Dealing with participant technology restrictions

Another potential challenge: there is no way to ensure that your learners’ devices and connectivity are all at the same standard. Some students have brand new laptops and super-fast WiFi connections. Others are working with older devices, and may be in an area where the internet connection is not as good. At the same time, some students might be digital natives who have no trouble using their technology, while others are less comfortable. Facilitating everyone’s technical capabilities need not be the trainer’s problem, thankfully. A virtual classroom producer can find ways to accommodate everybody.

Understanding how the corporate firewall may limit accessibility to web-based tools

When setting up virtual training sessions, it is a good idea to check with the company’s IT department to find out if the corporate firewall will even allow the training to take place. Some companies – with good reason – have set up firewalls that restrict access to certain websites and tools, and may make it difficult to provide some types of learning. Either you would have to adjust some of your learning content and methods, or the company will need to relax some of its restrictions for the duration of the training.

How to prepare your virtual classroom for hybrid learning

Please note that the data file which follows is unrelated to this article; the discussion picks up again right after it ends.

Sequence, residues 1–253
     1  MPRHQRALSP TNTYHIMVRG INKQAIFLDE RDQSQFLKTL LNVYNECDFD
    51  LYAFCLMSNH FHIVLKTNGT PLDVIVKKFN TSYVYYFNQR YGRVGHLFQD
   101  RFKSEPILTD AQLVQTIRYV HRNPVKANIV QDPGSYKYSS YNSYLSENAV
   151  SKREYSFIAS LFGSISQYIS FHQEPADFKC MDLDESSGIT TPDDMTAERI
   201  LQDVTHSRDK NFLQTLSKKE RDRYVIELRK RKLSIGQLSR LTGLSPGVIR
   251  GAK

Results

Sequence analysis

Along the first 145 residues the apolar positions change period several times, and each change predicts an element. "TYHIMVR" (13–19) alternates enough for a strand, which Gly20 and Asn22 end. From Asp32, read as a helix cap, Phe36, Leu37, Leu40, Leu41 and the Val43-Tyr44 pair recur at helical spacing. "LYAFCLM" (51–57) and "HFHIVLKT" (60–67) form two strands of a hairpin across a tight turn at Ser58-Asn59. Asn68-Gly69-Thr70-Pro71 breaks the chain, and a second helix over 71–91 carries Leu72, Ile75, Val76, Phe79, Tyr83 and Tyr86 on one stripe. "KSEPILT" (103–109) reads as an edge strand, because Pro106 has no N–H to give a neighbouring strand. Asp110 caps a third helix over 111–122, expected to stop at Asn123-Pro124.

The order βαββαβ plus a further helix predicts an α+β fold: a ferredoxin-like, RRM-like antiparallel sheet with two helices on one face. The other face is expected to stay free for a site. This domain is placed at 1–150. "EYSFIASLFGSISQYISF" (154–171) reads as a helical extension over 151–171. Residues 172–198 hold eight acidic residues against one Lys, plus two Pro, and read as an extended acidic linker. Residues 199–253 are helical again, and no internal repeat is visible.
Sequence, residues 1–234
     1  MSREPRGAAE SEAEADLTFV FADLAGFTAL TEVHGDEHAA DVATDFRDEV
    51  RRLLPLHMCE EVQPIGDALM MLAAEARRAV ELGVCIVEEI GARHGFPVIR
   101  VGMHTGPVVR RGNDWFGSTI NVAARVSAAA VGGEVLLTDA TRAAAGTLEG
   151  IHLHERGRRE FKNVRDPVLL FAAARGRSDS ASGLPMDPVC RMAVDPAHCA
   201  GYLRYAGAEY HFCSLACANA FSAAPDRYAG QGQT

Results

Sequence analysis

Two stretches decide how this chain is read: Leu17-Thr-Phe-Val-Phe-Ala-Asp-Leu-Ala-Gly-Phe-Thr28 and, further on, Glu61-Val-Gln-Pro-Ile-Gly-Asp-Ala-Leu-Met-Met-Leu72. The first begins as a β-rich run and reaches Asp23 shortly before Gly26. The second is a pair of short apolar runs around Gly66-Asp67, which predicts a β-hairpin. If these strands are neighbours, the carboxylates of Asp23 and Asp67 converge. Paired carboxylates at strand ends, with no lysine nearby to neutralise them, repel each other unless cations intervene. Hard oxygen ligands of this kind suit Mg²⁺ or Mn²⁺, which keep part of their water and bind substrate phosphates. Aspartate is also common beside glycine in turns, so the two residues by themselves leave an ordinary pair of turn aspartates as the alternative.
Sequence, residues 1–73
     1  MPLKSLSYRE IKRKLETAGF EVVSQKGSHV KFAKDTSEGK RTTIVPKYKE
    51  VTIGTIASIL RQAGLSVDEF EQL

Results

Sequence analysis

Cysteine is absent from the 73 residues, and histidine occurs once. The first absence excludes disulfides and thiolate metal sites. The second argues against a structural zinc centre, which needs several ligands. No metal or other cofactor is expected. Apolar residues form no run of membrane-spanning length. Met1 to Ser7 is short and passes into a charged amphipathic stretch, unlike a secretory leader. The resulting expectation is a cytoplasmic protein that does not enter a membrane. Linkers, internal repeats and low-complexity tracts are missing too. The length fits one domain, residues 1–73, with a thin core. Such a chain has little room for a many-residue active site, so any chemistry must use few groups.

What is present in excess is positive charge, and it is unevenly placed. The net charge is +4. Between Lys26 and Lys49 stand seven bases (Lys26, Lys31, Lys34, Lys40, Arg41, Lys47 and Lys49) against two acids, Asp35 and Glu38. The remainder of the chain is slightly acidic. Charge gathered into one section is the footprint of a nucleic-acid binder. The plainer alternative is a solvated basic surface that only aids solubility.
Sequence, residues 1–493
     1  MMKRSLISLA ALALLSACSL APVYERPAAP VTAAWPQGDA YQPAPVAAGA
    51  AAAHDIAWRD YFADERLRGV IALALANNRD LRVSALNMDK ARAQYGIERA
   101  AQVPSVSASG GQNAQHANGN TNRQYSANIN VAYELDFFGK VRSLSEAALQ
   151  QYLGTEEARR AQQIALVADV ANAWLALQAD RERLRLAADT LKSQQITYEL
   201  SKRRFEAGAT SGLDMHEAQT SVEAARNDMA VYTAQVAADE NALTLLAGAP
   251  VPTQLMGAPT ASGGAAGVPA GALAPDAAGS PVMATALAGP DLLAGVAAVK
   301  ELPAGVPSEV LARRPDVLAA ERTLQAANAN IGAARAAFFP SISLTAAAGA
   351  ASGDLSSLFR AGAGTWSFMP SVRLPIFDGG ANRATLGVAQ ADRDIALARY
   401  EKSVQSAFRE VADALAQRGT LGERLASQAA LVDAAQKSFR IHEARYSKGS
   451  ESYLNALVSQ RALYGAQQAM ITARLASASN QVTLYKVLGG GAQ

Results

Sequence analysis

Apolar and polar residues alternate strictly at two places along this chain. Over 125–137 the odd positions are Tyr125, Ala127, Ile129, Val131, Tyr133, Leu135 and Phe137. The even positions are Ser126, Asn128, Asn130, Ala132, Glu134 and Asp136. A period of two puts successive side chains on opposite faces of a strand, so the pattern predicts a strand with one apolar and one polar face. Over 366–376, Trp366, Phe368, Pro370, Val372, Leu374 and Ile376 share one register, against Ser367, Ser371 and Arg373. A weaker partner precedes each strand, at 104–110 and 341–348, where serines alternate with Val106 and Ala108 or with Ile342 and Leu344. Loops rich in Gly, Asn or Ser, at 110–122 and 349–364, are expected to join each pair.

The future of corporate learning is likely to be a hybrid of virtual and in-person methods and platforms. You may well find yourself presenting a class to a small number of in-person attendees, with the rest of the class joining in online. Your choice of platform must be able to accommodate this mix, and several more technical questions will arise as a result. In addition to your virtual training platform, you will also need to invest in good A/V equipment, and all the technology will need to be able to work together. It is possible to set up a seamless hybrid system with relative ease, provided you have someone on your team with the right expertise. A virtual classroom producer can help.

Refactor learning to match the new medium

As mentioned before, the future of corporate training, whether entirely online or in hybrid settings, will require you to adjust the way you approach your teaching methods and interact with your learners. Here are some of the main actions you will need to take to refactor your learning for the new medium:

  • Increase engagement with more interactive activities.
  • Use a mix of different engagement tools – chat, polls, breakout rooms
  • Check in with your learners often throughout the training. Ask more questions to see if your teaching is being heard and understood.
  • Take more breaks than you normally would, and break the classes up into mini-sessions
  • Hand the technical aspects of your classes over to virtual producers, so you can focus on your students and the learning materials. Virtual producers improve the learning experience and allow facilitators to concentrate on knowledge transfer. They can also help both facilitators and students with troubleshooting when any technical difficulties arise.

About Learngistics

Learngistics specializes in facilitating and supporting both virtual and live training events and learning programs for corporations. Since 2005 we’ve helped facilitate thousands of training programs for our clients.  After years of supporting live training classes Learngistics has invested in building the skills necessary to help our clients move into the virtual and hybrid learning method. Contact us for more information and to see how we can help you access and optimize your hybrid or virtual training.